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  6. I had a book based on the fortunately-unfortunately game and I googled it loads in the first weeks of having the idea and starting to write it. There was nothing. I sent it to my agent (and yours, of course, Jane!) who liked it and it went out to several publishers, two of whom were interested and I met up and discussed it with one... by which time, we'd BOTH discovered there was another one JUST out (that hadn't been there on google four months before). And very soon after, another one came out, written by Alan Durant. I talked to him about it and he said he'd had no idea a different one was coming out either and just pipped his to the post. Not sure there's room in the market for three, but I still think about reworking it as something else as it's a fun (and very silly) story.

    And hooray for your Nosy Crow news!

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    1. Sounds as if you came really close, Clare, how frustrating.

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  7. Jane, your dog is such a cutie.
    I remember a Darren Brown episode on TV where he asked a group of creatives at an ad agency to come up with an idea for something and then when they presented their idea it was the same visual idea as the one Darren Brown had sealed in an envelope. The way he'd done 'the trick' was to influence their subconscious with images/objects in shops, etc., along their route to work. So whenever I get frustrated I remind myself we're all influenced by the same things. But it's still frustrating and has happened too many times to me! Grrr...
    And congratulations on your new book, Jane :-)

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    1. Wow, thanks for sharing, Paeony - wish I'd seen that episode.

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  8. Oh, Jane, I feel for you. I haven't had a personal rejection go into detail like yours, but I've seen my story idea and plot published by another author and it just breaks my heart. I see from the comments above that this happens to writers all the time. Now, when I think I have a great story, I feel like I have this urgency to get it ready for submission before someone gets there first. That's something I have to overcome.

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    1. It's a tricky balance, Romelle. My ideas have to compost for ages before I get writing (seem my Den post on ideas composting). Then I'm always tempted to send a story off too soon, while I'm too involved in it to see the fault lines. I try to make myself wait 3 weeks. In that time, it helps to get it critiqued, and include at least a week where I don't look at the text or fiddle with it, in the hope of going back to it with fresh eyes.

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  9. It's so frustrating when this happens. But at least you have your story ready, and if necessary you can put it away for a year or so and then whisk it out with a flourish when the time is ripe! Good luck!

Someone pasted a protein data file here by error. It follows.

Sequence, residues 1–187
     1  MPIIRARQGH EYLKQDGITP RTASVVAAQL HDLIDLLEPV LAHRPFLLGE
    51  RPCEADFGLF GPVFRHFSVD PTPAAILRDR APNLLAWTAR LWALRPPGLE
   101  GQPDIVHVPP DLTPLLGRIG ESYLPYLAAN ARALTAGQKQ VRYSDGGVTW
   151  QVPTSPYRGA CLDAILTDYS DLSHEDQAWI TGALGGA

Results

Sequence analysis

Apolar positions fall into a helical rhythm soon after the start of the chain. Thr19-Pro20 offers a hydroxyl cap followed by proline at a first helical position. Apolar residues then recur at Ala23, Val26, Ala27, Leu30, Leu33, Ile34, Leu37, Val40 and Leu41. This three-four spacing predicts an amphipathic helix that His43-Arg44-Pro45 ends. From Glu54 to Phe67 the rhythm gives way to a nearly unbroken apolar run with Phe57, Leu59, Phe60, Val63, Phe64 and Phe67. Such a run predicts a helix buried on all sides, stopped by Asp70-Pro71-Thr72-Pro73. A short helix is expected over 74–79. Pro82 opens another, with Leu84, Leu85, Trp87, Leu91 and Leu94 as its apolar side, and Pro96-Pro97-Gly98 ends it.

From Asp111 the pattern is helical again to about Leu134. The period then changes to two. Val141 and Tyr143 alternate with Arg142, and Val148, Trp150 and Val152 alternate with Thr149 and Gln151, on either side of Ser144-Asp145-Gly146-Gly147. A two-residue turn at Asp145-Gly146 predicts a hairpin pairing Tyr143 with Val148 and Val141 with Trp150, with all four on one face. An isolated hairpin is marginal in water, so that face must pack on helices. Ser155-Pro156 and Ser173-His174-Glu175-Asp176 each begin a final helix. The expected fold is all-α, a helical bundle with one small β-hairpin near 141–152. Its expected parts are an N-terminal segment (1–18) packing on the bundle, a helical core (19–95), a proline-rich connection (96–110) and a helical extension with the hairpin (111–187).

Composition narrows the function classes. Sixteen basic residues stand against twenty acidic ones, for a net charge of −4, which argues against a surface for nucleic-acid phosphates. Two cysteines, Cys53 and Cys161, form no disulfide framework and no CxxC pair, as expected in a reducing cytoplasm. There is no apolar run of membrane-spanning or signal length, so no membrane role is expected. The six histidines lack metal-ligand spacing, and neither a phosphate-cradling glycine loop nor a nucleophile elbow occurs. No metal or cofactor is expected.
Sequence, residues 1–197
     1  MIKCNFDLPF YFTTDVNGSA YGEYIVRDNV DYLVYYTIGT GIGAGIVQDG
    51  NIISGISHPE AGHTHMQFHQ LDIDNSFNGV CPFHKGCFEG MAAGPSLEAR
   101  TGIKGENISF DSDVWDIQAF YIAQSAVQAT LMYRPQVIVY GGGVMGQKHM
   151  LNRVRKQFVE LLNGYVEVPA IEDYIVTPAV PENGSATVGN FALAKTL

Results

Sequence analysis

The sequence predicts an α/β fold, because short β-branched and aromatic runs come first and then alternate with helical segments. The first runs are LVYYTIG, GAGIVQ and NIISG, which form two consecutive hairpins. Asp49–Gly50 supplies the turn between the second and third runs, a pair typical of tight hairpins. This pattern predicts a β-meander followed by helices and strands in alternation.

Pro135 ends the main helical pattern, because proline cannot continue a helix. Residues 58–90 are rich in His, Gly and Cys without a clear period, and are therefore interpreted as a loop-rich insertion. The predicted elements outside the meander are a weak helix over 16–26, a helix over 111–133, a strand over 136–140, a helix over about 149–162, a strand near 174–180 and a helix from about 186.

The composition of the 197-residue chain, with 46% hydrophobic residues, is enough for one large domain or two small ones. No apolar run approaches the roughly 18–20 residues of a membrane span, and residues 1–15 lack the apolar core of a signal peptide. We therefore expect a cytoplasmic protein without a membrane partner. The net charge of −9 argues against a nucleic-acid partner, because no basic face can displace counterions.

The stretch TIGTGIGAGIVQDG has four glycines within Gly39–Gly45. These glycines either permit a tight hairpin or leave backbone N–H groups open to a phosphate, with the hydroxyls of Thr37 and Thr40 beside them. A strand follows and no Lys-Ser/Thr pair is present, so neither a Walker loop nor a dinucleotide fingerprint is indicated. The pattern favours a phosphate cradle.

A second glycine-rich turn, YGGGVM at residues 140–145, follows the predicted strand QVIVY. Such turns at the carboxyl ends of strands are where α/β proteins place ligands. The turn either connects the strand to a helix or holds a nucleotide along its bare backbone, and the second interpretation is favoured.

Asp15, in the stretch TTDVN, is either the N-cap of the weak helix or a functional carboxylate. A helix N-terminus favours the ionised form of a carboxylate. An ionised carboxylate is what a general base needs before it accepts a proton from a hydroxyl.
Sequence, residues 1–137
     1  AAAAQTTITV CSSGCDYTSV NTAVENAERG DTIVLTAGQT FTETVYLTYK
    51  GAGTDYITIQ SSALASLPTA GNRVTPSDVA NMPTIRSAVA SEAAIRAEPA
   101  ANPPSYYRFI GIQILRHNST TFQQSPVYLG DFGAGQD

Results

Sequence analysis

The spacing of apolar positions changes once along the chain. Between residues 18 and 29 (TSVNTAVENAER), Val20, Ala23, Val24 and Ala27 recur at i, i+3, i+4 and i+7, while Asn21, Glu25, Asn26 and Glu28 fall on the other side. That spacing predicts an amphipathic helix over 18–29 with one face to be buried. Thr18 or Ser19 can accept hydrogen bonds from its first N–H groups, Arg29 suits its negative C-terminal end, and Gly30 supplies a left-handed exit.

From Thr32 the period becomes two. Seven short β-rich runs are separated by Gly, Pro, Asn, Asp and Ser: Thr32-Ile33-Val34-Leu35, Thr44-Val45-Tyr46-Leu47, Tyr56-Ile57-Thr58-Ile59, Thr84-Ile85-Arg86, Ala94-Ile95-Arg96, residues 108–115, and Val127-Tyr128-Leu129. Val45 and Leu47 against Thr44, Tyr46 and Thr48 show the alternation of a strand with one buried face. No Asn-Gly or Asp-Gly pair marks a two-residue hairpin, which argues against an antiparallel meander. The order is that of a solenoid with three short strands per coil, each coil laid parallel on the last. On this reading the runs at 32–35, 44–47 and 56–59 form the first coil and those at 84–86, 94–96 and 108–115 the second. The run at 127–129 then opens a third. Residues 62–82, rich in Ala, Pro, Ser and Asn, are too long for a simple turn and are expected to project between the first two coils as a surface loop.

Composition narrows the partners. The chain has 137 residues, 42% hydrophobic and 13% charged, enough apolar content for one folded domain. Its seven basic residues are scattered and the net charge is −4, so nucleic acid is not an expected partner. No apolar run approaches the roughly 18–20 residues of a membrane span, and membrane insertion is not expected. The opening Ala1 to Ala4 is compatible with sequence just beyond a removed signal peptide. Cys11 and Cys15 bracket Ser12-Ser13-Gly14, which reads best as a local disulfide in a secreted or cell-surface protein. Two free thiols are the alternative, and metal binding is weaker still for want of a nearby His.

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    1. Thanks,Ann. In the meantime, it's on with the next...

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  10. Great post. I think Jonathan Allen's suggestion to your story aside for now and let it ferment is spot on. I'm sure that with time and distance you'll come up with some super duper clever and unexpected twist that will make your story stand out in a fresh new way.

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  11. Experiencing this writing setback with an old dog friend makes it all okay. Missing mine. . . .

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    1. Sorry to hear that, Wendy. Bramble's very ancient, but her tail still finds lots to wag about.

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  12. Yes I've had that experience - wrote a sure-fire winner, a lot of sketches and a couple of finished illustrations for a dummy, and my agent of the time was very positive.

    Then I discovered the "other" book - same theme, same idea, even the same type of characters. The worst thing was that I found it in a discount bookshop. My only consolation was that the artwork was horribly bland - I'd have made it a much better book (I reassured myself).

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    1. Definitely a case of darn-it-dipity, John!

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  13. Oh yes it has and all the while I was writing my most recent book I was too scared to go into the children's section of any book shops just in case I saw something too similar there!

    Love your dog BTW. He looks extremely wise and all-knowing. Does he have his own blog? : )

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  14. Lol, I'll run the idea of a dog blog past Bramble.